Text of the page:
Some airlines are abolishing the announcement Ladies and gentlemen at airports and on board. The reason is not gender-free. It seems that some people think that Ladies first is also outdated in order to create a society where everyone can act freely regardless of men or women. Therefore, I would like to see which expressions have gender bias in modern English and how to paraphrase them.
- Let's hold down the basics of gender-friendly English expressions
- From now on, let's use gender-free English expressions
- If you want to practice gender-free English
Let's hold down the basics of gender-friendly English expressions
"Gender equality" is called gender equality, but in a gender-free society, there is a tendency to avoid categorizing gender into "male" and "female" as well as equality. Let's see what words are used when talking about gender.
We 're moving toward a gender-free society.
Gender means "gender", and adding free means "no smoking, no smoking", and there are usages such as smoke-free (non-smoking) and tax-free (tax-free).
We should use gender-neutral language. (We should use gender-neutral language.)
It means "applicable to both men and women" and "do not specify either". -neutral (neutral to) can be used like religion-neutral (religiously neutral), race-neutral (racially neutral).
How can we achieve gender equality ?
equality is the noun "equality" and equal is the adjective "equal" or the verb "equal to".
We should eliminate gender bias in the workplace .
Bias is "prejudice, prejudice". It is also used like media bias and bias against minorities.
A: How can we create a gender-neutral workplace ?
B: We should eliminate gender bias. Stop calling female employees “girls.” (Don't call female employees “girls”)
A: Right. That's a good start .
From now on, let's use gender-free English expressions
Just as "stewardess" has become "CA" and "flight attendant" in Japan, the expressions that identify men and women are no longer used in English. Let's see what kind of words should be used to paraphrase the expressions used so far.
Paraphrasing English expressions for greetings and honorific titles
△ Ladies and gentlemen, (Ladies and gentlemen,)
〇 Dear passengers, (passengers,)
〇 Dear customers,
Expressions used in airport and in-flight announcements. At parties and lectures, say Dear guests, (to our customers), Dear participants, (to our participants).
△ Mr. / Ms. / Mrs. / Miss.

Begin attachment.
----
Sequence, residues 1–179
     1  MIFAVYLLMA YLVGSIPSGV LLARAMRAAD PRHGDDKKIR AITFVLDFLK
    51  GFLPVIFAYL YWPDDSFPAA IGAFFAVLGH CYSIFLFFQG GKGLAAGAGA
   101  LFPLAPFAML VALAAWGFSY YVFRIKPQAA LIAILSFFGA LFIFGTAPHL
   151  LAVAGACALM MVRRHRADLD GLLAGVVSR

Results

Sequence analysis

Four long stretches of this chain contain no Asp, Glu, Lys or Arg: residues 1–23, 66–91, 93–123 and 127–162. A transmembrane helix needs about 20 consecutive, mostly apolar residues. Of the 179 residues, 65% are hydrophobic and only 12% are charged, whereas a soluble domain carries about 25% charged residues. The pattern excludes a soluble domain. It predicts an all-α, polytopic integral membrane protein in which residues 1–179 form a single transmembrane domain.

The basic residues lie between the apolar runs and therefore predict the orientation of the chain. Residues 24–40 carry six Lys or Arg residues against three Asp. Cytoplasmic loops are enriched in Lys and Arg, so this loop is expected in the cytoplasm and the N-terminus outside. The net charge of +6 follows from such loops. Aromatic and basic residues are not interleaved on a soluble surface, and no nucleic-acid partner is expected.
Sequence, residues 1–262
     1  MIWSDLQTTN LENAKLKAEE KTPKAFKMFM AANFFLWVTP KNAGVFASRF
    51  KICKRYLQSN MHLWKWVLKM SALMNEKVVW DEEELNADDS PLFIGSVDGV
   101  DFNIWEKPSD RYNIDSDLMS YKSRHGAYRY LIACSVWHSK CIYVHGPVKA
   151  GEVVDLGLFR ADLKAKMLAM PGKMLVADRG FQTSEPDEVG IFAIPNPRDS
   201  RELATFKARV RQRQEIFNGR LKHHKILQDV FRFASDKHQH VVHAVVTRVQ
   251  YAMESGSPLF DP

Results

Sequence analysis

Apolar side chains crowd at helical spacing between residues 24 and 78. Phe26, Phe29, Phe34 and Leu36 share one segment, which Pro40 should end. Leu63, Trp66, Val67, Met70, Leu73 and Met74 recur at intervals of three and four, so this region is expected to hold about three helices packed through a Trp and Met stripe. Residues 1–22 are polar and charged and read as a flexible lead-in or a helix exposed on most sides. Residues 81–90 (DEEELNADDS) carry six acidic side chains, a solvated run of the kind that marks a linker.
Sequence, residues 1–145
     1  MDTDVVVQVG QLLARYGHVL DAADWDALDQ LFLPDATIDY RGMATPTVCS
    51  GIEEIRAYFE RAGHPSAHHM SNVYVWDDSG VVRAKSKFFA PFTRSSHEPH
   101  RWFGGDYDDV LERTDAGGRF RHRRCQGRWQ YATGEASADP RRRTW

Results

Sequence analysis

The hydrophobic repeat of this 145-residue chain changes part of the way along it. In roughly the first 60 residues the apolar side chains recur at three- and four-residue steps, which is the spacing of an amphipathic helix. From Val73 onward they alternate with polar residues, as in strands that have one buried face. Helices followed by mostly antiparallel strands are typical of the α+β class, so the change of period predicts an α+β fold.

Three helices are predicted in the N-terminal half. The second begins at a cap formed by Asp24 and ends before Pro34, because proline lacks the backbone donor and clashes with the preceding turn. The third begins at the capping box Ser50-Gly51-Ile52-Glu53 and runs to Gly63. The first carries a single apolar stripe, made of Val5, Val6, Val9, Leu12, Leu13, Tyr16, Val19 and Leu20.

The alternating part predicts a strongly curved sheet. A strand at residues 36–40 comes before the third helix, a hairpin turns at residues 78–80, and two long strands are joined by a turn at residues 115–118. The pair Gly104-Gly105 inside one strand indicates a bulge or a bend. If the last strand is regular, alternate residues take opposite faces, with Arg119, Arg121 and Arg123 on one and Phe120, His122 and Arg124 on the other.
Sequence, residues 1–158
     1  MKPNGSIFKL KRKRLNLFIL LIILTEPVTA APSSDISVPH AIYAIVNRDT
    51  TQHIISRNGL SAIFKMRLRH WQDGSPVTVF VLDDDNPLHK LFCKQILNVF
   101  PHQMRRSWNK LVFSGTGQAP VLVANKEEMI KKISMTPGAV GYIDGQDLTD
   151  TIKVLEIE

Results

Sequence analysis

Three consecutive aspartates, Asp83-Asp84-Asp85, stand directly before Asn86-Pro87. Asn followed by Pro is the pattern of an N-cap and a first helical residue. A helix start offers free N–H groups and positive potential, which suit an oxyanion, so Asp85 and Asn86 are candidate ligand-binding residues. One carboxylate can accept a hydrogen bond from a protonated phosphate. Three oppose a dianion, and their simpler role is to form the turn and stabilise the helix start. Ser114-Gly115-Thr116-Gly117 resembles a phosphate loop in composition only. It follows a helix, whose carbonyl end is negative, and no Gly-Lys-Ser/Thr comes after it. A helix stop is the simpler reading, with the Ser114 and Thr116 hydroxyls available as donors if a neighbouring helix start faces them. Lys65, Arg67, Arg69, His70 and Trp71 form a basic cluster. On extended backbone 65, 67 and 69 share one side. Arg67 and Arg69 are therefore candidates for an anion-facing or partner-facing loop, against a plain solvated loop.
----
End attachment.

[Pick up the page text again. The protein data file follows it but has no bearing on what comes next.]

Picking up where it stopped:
〇 Mx. [Mix]
〇 Doctor / Director / Manager (Doctor / Doctor / Director / Manager)
Ms. was used instead of Mrs. and Miss. For women, but nowadays it can be used for anyone as it also identifies men and women. ]) Is a new word. Doctor can also be used for people with a PhD other than doctors, and you can also call them by job title, like Director Smith.
△ Hi, guys! (Hi everyone!)
〇 Hi, folks! (Hi, everyone!)
〇 Hi, everyone! (Hi, everyone!)
A guy that Americans often use. Although guys have been used for women, there is now a movement to use folks and everyone, which means "people."
Paraphrasing English expressions that refer to people
△ ladies (women)
〇 all of you (everyone)
I used to use the term ladies to refer to a group of women, but it seems better to paraphrase this as everyone or all of you. The same is true for boys/girls. It's no longer necessary to let women go first through doors and elevators as Ladies First, but it's still nice to say After you. It remains a habit.
△ husband / wife (husband / wife)
While there are same-sex couples, the terms husband and wife do not always apply, so the term partner is becoming more popular. The word spouse is also used when talking about family relationships.
△ mother / father
If the parents are a same-sex couple, they should be called parents (parents, singular form of parents <parents>) instead of being labeled as "father" or "mother".
△ he / she
〇 they (that person, that person)
There is a movement to use them even in the singular instead of he/she that distinguishes between men and women. The change in verbs is the same as for multiple they, for example, they are a teacher.
Paraphrasing English expressions such as occupation
△ policeman (police officer)
△ chairman (Chairman)
The term -man is being paraphrased a lot. When you usually say "a good person", he should say "He's a good person." Instead of "He's a good man."
△ waiter / waitress
〇server (server, waiter)
△ freshman (1st year university student)
〇 first-year student
-ess is an expression that refers to a woman, so it is becoming obsolete, and even actresses sometimes call it an actor.
Paraphrased English expressions used in society
△ man- made
△ mother tongue (mother tongue)
A: Hi, everyone. What's up today ?
B: You know what? David got married! (Did you know what? David got married!)
A: How amazing! What does the partner do ?
B: I heard they are a firefighter .
Not everyone in the English-speaking world has come to use these gender-free expressions, but it's worth remembering that some people are sensitive to gender-friendly paraphrases.